The laws of God, the laws of man,
He may keep that will and can;
Not I.

The laws of God, the laws of man,
He may keep that will and can;
Not I. Let God and man decree
Laws for themselves and not for me;
And if my ways are not as theirs
Let them mind their own affairs.
Their deeds I judge and much condemn,
Yet when did I make laws for them?
Please yourselves, say I, and they
Need only look the other way.

But no, they will not; they must still
Wrest their neighbour to their will,
And make me dance as they desire
With jail and gallows and hell-fire.
And how am I to face the odds
Of man’s bedevilment and God’s?
I a stranger and afraid
In a world I never made.
They will be master, right or wrong;
Though both are foolish, both are strong.

And since, my soul, we cannot fly
To Saturn nor to Mercury,
Keep we must, if keep we can,
These foreign laws of God and man.

From VILLA STELLAR: XIII (by George Barker)

Yes, it is heavenly here. But I think of the misted November
evenings and clouds coming up over the Cairngorms

And there in the May Borghese Gardens with a foam of
blossoming flowers around us as we sat at a small table
she with a hat like a huge waterlily and a glass of iced
lemonade sweating in sunshine and the Roman sky like the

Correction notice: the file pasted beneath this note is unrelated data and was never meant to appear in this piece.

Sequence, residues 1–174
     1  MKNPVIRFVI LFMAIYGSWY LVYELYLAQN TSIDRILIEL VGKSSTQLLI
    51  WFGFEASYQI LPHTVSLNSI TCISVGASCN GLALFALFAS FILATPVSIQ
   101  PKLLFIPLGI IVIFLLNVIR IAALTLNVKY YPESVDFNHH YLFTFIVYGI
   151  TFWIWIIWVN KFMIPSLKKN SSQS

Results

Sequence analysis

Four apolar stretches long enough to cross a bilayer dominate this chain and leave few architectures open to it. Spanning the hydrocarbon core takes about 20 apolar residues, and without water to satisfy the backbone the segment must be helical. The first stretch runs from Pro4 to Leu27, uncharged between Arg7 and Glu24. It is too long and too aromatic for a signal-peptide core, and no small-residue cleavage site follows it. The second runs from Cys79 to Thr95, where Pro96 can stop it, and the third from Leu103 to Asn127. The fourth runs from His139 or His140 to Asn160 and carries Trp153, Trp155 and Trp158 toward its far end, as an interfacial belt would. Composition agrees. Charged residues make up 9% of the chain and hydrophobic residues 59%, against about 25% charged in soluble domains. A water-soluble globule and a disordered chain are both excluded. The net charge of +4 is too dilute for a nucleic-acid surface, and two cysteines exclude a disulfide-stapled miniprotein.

interior of an enormous pearl, and semi-precious lizards scooting
among the hibiscus. I said: ‘It is pleasant here.’

She answered: ‘The sun is not Scottish. I feel faint.
Yes, it is heavenly here. But I think of the misted November
evenings and clouds coming up over the Cairngorms
and the violent gusts of rain and the cold amber streams jumping
among the lichened gullies and the rowans hissing in rain
and a single horned sheep standing still as stone against the sky.’

Hill of Allargue viewpoint at Corgarff

Riding the Train to New York (Reblog)

A beautiful little poem. I have known such moments …

train-3169964_1280

By Dianne Moritz

Sailors in starched whites,
Jostling, joking, bumming
Cigarettes, whistle as I pass.
Young mothers, beside cranky
Children, seem wistful.
Old men glance up
From newspapers, smile
As I pass with my tall,
Handsome boyfriend.
We find our seats.
I reach for his hand.
He shakes me off
Like a smoldering ash,
Leans back to nap.
I turn away, fuming.

When I gaze out,
Into the dark glass,
A panicked stranger
Stares back.